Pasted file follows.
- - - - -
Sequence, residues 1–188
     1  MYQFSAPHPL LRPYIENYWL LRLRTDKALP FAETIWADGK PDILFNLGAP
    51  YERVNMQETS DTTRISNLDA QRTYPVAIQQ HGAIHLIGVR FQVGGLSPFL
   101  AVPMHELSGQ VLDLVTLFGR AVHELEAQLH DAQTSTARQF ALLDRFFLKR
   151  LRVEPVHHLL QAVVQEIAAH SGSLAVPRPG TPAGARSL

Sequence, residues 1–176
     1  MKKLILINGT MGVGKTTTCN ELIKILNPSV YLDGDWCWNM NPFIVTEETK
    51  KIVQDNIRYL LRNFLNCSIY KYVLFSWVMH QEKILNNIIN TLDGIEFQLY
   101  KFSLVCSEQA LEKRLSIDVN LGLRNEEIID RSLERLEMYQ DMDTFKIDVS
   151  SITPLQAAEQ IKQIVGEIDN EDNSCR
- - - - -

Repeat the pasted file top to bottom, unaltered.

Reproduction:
Sequence, residues 1–188
     1  MYQFSAPHPL LRPYIENYWL LRLRTDKALP FAETIWADGK PDILFNLGAP
    51  YERVNMQETS DTTRISNLDA QRTYPVAIQQ HGAIHLIGVR FQVGGLSPFL
   101  AVPMHELSGQ VLDLVTLFGR AVHELEAQLH DAQTSTARQF ALLDRFFLKR
   151  LRVEPVHHLL QAVVQEIAAH SGSLAVPRPG TPAGARSL

Sequence, residues 1–176
     1  MKKLILINGT MGVGKTTTCN ELIKILNPSV YLDGDWCWNM NPFIVTEETK
    51  KIVQDNIRYL LRNFLNCSIY KYVLFSWVMH QEKILNNIIN TLDGIEFQLY
   101  KFSLVCSEQA LEKRLSIDVN LGLRNEEIID RSLERLEMYQ DMDTFKIDVS
   151  SITPLQAAEQ IKQIVGEIDN EDNSCR